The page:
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Niseko Hirafu Village
Hirafu village has recently become the centre of a property boom.
The discovery of the huge amounts of powder to be had here at Niseko has seen aeroplane loads of Australians descending onto Niseko. With that, however the dash to own a slice of Niseko has intensified as real estate companies cash in.
Hirafu is a small village and you can enjoy wandering around the streets with snow banks raising way above your head.
The view up towards Grand Hirafu ski area is wicked and the view behind with Mt Yotei
rising up to the sky is special.
Years ago, being a westerner was a novelty, now it must be said that the town is almost part of Australia.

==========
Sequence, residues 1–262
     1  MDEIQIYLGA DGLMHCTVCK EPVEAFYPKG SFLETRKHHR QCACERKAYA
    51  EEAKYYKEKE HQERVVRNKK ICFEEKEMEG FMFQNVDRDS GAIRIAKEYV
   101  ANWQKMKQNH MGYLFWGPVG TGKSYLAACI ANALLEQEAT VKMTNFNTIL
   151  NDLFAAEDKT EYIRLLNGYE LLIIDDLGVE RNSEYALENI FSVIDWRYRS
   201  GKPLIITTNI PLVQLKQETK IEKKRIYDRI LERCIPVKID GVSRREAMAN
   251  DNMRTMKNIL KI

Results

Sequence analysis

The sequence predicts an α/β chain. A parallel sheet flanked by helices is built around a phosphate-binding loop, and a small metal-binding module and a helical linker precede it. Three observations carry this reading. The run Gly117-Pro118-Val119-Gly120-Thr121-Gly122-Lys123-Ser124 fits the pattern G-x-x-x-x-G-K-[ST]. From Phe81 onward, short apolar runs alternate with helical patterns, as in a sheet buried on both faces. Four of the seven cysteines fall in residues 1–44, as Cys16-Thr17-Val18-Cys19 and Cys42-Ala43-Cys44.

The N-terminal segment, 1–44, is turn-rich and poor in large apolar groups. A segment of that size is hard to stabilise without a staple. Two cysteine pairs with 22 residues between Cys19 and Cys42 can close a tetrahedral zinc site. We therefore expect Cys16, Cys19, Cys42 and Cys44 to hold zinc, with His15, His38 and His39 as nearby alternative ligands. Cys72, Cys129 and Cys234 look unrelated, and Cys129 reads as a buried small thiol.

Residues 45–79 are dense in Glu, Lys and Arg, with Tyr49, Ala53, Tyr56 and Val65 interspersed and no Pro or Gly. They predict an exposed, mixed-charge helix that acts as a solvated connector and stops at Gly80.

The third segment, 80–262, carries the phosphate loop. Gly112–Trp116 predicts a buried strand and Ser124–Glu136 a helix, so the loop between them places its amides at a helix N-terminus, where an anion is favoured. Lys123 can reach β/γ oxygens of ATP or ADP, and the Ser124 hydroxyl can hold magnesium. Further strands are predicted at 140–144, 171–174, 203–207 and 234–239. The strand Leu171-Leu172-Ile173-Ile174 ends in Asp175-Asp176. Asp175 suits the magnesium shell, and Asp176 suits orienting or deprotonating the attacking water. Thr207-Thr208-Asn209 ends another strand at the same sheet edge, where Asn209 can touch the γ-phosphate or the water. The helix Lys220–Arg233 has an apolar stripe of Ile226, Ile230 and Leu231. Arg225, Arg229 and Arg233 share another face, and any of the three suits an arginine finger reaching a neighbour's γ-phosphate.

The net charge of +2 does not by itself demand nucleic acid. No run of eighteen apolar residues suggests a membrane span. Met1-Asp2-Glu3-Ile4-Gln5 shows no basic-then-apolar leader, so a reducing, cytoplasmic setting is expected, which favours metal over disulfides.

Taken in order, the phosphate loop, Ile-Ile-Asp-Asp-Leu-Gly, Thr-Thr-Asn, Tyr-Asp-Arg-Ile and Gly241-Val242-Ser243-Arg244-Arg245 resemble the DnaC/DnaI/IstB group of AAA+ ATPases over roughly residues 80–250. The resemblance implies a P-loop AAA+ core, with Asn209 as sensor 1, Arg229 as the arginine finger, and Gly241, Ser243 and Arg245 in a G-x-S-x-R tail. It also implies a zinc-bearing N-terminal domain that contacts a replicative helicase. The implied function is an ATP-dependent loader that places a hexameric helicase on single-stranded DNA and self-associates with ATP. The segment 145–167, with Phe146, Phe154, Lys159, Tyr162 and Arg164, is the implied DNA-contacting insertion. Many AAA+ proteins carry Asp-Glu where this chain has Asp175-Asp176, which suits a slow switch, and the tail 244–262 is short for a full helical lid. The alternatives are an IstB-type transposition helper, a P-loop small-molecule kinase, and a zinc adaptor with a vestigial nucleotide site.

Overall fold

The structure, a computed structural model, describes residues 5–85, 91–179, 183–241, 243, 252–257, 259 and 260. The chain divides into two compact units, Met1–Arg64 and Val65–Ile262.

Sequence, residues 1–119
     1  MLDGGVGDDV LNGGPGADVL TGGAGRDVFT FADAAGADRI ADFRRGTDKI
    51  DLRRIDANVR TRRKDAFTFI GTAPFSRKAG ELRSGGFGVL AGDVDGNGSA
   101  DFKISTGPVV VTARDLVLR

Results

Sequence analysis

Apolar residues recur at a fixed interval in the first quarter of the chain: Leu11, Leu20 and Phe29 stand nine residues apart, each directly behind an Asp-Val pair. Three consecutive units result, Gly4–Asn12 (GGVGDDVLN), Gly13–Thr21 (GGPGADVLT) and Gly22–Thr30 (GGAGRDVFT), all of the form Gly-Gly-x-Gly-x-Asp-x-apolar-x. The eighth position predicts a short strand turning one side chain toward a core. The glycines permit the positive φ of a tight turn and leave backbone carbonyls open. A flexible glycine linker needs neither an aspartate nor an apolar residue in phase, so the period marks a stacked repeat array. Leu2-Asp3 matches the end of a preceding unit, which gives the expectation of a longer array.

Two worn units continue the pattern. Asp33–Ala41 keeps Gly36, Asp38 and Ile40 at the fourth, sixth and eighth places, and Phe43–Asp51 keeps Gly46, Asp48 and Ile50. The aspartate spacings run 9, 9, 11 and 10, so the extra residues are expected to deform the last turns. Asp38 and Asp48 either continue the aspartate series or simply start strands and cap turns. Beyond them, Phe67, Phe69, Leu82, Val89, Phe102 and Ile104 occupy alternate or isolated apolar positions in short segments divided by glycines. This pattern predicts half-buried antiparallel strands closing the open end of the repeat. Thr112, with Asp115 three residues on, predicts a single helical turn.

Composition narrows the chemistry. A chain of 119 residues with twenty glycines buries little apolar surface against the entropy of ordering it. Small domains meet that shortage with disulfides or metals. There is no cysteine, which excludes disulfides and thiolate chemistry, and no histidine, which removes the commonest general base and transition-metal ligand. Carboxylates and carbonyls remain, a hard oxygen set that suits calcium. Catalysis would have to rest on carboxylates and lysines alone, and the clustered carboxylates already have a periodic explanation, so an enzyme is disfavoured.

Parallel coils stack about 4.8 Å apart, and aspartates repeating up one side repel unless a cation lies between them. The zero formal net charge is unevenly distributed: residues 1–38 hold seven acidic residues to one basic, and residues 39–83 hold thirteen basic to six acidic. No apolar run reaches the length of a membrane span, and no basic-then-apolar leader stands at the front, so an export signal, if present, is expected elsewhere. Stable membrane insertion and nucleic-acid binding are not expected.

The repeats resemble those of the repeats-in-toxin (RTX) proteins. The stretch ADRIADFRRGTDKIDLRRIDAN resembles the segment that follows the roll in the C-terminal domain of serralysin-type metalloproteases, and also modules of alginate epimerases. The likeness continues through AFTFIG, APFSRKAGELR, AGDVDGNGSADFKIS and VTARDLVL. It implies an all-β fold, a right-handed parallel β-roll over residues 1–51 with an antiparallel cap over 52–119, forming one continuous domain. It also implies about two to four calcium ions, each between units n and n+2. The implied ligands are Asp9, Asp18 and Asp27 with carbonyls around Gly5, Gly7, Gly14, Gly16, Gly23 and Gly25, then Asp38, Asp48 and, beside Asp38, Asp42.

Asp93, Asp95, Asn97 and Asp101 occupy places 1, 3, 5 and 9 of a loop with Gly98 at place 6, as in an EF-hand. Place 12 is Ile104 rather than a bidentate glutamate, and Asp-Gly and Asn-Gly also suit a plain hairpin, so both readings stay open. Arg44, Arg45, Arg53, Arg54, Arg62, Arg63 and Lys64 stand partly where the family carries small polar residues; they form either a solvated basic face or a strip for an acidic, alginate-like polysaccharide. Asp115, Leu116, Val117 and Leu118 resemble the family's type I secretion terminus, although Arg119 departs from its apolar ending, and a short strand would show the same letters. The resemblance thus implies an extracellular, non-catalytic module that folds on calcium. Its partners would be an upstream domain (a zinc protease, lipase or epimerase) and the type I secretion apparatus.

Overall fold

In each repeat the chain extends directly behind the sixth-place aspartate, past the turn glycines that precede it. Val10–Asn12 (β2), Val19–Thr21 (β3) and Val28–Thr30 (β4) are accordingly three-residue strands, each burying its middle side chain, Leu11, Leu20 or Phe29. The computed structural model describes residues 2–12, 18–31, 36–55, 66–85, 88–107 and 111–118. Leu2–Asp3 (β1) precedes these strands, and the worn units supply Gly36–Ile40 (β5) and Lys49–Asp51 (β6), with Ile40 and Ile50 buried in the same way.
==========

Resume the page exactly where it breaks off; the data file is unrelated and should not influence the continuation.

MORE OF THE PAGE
The upside is that economically the local businesses are booming with the influx of tourism dollars. The downside is your not really getting the ‘Japanese experience’ in Niseko any more, which is a shame.
But hey, your here for powder and this is what you will find in abundance.
The heart and soul of Hirfau Village is the Seicomart Convenience store located on the main intersection in town. This is the only place in town to stock up on food, booze and anything else you might need.
Restaurants, Souvenir shops, Ski and Board hire shops, Bars (most are wholes in the walls) Hotels, Lodges and Pensions make up Hirafu Village. Nightlife
There has been a proliferation of new bars popping up all over Hirafu. Red Bar